“Shiloh?” I called softly.
The fairy lights glimmered and then fell still. The door set into the rush cottage, where they’d first appeared to me, yawned open. I crossed brittle fake grass and went inside.
“Hey.” I sat on the cool floor of the tunnel.
They didn’t appear immediately, but finally, the tunnel around me sighed.
“You found me,” Shiloh said.
The air at the edges of where I sat prickled with their chill.
“You’ve been here a long time.”
I didn’t want to push them. I wanted to hear them say the words. “Is this what you want?”
“I’m scared.” They became visible before me, sitting across from me on the floor with their hands around their knees. “But I think I’m ready.”
There were no animatronics in this space any longer. Nothing Shiloh could control. I went to the toolshed in the hall and came back with a shovel and a mallet hammer.
Shiloh waited by the base of the statue.
“Shiloh… maybe—?” I spread my feet and adopted a stance like a coal miner, shovel gripped in my hands and half raised. I imagined my body as a robotic simulacrum, my joints oiled, each motion setting the next moving. “Maybe you can help me do it?”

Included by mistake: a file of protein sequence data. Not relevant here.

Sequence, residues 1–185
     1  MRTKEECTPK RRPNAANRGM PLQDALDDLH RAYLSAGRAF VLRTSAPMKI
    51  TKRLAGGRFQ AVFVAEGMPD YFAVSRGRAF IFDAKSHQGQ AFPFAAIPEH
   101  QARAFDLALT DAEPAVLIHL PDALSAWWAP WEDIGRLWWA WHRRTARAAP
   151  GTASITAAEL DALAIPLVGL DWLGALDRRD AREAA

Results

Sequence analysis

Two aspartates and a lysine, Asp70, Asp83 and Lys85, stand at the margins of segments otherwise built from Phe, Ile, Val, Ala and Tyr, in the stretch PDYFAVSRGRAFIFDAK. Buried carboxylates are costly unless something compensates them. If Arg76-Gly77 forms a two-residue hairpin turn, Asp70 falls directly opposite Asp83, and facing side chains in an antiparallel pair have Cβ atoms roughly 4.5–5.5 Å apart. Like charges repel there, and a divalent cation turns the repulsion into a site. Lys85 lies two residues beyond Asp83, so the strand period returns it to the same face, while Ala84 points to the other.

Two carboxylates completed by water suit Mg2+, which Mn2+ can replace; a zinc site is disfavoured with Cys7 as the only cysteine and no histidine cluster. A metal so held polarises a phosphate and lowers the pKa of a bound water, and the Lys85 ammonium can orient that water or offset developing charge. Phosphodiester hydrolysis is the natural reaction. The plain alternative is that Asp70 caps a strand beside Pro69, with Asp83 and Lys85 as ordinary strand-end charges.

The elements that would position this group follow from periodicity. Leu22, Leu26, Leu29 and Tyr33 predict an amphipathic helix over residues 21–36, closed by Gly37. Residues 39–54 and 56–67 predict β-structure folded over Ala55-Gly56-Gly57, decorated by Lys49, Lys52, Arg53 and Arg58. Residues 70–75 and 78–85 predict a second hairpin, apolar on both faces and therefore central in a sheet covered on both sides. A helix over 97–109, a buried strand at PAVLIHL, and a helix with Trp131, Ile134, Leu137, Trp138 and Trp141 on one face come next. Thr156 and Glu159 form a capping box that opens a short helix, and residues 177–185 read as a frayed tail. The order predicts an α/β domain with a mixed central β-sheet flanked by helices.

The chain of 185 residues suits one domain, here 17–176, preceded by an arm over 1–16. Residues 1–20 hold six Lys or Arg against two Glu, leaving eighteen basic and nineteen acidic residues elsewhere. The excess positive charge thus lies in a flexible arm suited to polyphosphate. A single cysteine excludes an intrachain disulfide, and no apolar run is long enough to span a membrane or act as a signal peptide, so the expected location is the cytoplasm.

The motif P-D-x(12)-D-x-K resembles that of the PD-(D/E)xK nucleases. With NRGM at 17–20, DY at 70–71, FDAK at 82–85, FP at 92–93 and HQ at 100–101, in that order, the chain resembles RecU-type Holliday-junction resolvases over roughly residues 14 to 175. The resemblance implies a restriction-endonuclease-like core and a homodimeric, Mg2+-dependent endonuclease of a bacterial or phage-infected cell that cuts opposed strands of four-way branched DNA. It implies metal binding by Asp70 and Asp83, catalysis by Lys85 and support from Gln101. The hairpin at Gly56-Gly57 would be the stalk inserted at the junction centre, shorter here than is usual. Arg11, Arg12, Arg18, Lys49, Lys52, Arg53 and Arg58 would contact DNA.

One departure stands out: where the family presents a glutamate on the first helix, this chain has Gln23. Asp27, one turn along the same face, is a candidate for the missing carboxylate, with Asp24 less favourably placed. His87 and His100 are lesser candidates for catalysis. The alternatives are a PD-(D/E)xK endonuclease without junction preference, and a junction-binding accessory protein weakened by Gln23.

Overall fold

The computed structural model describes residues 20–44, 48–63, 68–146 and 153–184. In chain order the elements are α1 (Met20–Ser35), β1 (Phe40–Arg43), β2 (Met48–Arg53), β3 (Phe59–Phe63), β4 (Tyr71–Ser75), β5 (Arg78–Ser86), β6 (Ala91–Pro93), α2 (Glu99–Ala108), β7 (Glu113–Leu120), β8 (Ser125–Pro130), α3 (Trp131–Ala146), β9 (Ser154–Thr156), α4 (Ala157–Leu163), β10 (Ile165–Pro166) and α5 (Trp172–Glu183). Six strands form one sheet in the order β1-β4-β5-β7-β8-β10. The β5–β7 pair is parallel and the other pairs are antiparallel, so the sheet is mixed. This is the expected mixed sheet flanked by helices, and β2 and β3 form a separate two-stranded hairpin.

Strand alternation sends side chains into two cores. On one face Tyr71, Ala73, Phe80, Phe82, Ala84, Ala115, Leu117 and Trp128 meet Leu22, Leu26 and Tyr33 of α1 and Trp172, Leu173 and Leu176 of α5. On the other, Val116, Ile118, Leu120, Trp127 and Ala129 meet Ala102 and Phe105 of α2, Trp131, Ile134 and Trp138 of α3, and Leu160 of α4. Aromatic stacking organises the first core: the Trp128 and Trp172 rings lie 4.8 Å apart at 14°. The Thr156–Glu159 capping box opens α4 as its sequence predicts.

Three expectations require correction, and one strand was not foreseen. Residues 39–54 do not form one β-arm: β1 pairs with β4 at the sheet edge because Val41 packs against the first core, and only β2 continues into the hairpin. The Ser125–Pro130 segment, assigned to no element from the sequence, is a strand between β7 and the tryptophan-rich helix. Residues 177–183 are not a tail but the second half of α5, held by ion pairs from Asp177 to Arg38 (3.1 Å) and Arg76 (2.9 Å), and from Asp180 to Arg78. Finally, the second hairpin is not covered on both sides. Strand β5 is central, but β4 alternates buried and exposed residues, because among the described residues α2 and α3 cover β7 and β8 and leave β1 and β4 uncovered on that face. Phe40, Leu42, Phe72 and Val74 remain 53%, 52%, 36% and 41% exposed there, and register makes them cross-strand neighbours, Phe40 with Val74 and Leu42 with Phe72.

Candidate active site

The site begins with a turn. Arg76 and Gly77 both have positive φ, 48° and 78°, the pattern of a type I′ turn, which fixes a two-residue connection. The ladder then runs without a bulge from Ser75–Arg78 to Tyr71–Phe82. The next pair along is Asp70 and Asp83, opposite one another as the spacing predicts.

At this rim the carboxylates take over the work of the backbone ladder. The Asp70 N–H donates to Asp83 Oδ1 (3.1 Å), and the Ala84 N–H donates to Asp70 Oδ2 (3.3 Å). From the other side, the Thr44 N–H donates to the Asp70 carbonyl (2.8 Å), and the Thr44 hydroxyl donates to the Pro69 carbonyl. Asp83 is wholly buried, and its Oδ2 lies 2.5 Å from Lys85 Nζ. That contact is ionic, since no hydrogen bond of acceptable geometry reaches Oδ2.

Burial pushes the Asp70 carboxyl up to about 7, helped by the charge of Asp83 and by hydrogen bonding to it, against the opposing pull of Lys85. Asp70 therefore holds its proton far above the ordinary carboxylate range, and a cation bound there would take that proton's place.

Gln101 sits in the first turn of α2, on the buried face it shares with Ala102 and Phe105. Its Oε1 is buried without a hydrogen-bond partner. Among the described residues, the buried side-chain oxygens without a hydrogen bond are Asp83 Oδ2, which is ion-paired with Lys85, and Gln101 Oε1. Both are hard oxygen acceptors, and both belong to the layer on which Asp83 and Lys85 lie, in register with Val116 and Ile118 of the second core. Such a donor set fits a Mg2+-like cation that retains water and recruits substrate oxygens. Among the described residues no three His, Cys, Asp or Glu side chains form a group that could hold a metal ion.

Something lit up in their face, warring with doubt. “I don’t know if I can.”
“Do you want to try?”
“Okay,” I said. “I’m ready when you are.” My grip on the shovel was firm. I took a deep breath and exhaled.
Shiloh faded from sight, and their chill engulfed me, their mass aligning with mine. My arms and feet lost heat, bumps prickling my skin. For a moment I watched myself outside myself, and my hips swiveled back as I wound up for the swing—as Shiloh moved my body like I was one of their gear and spring puppets.
Then they swung the head of the shovel at the statue, and I recoiled into myself as metal met marble, and the impact shot up my arms. I gasped, chill wafting off me. A crack started across the statue’s neck and chest